10 Tips to Help Subcontractors Mitigate Risk

10 Tips to Help Construction Subcontractors Mitigate Risk & Avoid Construction Legal Claims

 

What you don’t know can’t hurt you, right? Wrong! Foreseen and Unforeseen risk is a major factor that proper handling of can make or break your project’s safety and profitability.

 

The answer: proper risk management and construction legal claims avoidance.

The secret weapon: mobile and cloud-based project management and document control software.

Mitigate Risks

Here are 10 ways that subcontractors can mitigate risk on their projects:

 

1. Be aware of risks before tackling a project

The very first step that a subcontractor must take before tackling a project is the identification of possible risk factors.  This is the most important step because if risks are not identified, how will subcontractors know what risks need to be avoided?

 

2. Prioritize risks

Although all risk is important, subcontractors must allocate their resources appropriately toward mitigating the risks that are most critical to a project.  To do so, a subcontractor must rank these risks according to two criteria: the likelihood of it occurring and the level of impact it would have on the project.  Once the risks are ranked accordingly, subcontractors will be able to assign the highest priority to certain risks that ranked high on both criteria.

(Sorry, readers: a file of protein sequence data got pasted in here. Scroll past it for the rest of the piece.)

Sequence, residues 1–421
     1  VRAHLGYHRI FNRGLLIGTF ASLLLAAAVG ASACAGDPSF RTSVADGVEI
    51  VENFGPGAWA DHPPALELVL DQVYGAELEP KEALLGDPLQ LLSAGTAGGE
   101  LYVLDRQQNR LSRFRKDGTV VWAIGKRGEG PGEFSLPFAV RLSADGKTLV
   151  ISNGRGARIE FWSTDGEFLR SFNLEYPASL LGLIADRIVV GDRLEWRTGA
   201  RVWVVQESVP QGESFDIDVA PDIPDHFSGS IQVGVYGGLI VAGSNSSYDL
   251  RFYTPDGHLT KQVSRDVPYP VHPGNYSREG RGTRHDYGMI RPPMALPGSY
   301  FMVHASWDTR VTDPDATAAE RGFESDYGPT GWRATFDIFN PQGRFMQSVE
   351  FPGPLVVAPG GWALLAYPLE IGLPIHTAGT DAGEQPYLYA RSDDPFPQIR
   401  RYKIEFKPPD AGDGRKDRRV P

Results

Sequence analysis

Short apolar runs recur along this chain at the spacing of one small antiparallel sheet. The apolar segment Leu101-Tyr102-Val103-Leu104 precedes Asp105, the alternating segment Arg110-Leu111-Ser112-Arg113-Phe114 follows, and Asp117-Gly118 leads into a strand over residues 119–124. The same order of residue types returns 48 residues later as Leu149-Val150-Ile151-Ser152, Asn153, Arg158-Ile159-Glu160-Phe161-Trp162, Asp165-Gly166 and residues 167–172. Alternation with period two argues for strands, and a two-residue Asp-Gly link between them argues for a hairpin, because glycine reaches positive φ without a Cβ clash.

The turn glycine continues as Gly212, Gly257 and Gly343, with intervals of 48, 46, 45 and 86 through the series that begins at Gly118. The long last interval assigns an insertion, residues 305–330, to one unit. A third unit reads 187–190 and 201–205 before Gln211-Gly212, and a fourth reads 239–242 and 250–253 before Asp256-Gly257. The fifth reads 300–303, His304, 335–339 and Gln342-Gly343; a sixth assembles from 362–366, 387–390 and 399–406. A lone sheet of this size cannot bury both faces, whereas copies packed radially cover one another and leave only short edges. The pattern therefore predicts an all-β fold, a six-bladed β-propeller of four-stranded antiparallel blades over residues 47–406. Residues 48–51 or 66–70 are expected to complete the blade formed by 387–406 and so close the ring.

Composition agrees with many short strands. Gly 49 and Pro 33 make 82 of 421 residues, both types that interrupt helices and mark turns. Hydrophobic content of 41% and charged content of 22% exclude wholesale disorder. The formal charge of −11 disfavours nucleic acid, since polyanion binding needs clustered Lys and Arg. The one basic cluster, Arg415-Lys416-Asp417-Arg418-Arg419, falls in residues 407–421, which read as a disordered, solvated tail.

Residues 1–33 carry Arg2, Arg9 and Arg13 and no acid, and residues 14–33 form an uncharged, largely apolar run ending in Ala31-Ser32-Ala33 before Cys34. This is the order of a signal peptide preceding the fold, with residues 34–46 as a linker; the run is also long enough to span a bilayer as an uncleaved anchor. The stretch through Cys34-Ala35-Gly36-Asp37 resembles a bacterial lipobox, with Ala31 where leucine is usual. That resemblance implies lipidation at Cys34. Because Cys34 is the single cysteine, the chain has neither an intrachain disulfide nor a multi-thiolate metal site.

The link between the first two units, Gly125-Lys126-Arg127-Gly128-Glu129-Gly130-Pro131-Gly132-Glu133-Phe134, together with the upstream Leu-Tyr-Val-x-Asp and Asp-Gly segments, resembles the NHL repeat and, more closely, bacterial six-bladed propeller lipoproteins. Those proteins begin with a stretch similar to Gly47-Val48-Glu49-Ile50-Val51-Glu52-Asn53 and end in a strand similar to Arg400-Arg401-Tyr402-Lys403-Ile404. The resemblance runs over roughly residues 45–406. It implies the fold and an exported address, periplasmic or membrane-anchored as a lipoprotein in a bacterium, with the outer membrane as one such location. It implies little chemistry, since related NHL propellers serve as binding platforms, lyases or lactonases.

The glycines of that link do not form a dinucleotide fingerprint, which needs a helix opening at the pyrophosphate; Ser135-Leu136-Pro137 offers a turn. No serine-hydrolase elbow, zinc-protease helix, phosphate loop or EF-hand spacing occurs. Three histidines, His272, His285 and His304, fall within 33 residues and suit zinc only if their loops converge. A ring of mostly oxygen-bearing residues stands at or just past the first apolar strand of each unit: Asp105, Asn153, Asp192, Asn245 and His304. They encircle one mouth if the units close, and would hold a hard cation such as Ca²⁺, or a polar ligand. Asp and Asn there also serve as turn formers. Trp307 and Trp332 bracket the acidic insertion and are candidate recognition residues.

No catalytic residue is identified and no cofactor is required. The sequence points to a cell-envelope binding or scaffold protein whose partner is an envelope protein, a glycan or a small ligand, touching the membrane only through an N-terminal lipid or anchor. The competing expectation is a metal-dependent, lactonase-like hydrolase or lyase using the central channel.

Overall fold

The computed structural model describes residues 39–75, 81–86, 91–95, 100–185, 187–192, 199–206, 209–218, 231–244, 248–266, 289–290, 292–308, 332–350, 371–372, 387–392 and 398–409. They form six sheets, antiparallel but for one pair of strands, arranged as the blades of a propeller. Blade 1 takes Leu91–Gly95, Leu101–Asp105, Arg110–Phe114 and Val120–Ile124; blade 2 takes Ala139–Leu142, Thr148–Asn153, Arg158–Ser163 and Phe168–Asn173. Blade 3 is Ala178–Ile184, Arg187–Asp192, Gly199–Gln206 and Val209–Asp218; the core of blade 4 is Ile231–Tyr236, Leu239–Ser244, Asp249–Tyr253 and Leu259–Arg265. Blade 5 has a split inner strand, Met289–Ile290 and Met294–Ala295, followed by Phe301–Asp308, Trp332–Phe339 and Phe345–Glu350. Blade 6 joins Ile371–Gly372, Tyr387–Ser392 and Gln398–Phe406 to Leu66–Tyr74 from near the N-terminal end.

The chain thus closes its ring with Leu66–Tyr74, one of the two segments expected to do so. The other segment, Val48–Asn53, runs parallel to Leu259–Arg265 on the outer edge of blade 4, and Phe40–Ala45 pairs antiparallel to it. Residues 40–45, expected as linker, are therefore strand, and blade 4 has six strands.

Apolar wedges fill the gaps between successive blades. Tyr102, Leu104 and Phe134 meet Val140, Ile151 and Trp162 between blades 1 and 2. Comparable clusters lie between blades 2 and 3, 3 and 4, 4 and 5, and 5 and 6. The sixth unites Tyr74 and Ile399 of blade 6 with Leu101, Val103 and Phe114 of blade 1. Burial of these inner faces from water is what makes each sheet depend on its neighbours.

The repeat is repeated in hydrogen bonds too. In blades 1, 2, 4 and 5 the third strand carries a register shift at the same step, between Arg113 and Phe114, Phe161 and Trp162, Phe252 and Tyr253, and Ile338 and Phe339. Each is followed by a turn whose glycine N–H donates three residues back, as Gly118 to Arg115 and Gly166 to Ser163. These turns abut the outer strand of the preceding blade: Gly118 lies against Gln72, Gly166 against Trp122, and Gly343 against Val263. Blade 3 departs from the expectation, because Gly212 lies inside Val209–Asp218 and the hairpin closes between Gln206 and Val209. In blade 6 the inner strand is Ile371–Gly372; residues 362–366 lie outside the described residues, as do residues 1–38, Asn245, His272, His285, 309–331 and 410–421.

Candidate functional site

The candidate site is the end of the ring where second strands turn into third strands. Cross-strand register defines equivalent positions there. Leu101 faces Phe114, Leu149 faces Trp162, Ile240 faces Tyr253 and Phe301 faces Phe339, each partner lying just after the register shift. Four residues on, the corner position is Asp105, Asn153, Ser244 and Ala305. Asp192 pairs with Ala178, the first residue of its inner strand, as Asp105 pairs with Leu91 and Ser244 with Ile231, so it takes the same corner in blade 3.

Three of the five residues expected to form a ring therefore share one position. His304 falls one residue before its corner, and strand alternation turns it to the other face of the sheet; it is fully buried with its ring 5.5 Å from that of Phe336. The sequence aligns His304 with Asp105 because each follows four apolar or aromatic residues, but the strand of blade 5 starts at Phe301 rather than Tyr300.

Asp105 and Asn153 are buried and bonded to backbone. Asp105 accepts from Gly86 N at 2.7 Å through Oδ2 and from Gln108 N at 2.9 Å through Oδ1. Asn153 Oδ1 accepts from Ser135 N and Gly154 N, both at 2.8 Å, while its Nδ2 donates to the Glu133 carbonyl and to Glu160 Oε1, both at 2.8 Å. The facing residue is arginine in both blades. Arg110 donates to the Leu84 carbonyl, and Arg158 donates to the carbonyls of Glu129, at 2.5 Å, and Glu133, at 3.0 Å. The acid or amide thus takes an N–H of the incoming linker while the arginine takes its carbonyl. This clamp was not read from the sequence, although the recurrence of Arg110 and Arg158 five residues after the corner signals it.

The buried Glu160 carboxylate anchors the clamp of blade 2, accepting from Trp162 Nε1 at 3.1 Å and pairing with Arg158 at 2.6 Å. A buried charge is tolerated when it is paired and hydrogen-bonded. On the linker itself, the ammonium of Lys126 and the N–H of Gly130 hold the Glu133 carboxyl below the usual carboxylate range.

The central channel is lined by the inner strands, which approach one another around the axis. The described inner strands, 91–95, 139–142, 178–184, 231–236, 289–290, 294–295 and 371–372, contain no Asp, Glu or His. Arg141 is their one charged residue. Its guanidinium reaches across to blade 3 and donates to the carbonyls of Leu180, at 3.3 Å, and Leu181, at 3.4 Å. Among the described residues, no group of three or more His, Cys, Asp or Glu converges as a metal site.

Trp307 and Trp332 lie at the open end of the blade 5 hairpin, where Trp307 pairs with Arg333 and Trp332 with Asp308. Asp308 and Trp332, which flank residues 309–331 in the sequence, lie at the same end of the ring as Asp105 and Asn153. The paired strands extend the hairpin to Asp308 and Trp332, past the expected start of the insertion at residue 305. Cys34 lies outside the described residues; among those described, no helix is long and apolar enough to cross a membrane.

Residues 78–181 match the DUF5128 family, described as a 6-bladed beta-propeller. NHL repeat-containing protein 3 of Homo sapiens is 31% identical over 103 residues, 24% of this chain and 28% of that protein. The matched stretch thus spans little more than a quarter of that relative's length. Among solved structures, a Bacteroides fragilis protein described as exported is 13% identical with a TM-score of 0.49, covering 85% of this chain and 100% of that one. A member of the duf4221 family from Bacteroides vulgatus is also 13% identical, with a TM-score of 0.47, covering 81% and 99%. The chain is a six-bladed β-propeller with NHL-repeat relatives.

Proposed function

Once a subcontractor’s risks are a physical risk identified and prioritized, two main kinds of risks that can be easily avoided with project management and document control software: occupational risk and financial risk.

 

An occupational risk is the physical risk to workers from internal or external conditions.  Occupational risk can be avoided by improved communication methods and creating standardized procedures for all team members both before and throughout a project life cycle.

 

Financial risk is the risk to profitability that subcontractors face by going up against project delays and manual errors.  Financial risk can be prevented by keeping better track of projects and using project management software to improve accuracy.